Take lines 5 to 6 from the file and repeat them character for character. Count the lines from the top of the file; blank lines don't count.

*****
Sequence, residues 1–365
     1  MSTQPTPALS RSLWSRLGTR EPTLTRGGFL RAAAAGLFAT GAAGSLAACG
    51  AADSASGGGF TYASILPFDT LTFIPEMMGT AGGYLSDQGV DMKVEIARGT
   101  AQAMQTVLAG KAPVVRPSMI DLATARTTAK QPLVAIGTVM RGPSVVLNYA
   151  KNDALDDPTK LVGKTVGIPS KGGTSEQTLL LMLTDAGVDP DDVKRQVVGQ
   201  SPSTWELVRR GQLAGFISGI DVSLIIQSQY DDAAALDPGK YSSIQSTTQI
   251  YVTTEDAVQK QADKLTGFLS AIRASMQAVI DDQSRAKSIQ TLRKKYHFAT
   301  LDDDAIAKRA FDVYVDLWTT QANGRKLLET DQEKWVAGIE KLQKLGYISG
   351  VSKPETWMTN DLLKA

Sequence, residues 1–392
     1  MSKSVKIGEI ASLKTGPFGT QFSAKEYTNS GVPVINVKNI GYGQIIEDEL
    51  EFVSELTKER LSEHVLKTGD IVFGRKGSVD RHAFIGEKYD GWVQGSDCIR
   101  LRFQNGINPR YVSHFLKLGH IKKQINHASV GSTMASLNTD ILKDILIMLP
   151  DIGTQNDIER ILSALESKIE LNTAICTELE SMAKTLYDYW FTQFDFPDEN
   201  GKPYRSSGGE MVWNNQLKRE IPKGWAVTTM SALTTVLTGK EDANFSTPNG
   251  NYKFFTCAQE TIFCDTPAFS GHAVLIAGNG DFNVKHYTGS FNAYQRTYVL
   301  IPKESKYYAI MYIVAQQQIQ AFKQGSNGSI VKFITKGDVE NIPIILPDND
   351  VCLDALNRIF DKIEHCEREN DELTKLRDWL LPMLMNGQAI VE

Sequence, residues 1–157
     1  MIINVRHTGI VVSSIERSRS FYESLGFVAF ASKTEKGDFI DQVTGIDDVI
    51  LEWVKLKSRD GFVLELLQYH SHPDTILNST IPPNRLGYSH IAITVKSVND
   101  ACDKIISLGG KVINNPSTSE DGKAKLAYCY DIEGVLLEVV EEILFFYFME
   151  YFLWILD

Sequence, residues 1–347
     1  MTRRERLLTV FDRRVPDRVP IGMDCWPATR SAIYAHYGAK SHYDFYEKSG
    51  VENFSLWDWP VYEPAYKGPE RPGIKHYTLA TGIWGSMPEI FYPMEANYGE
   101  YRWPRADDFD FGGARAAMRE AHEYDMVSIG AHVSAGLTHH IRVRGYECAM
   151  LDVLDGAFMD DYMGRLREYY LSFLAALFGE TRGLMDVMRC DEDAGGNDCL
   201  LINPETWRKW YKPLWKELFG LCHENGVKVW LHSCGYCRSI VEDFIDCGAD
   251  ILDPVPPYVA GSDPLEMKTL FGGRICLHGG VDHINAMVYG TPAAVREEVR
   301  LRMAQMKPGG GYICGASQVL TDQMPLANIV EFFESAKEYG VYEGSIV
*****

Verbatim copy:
   151  KNDALDDPTK LVGKTVGIPS KGGTSEQTLL LMLTDAGVDP DDVKRQVVGQ
   201  SPSTWELVRR GQLAGFISGI DVSLIIQSQY DDAAALDPGK YSSIQSTTQI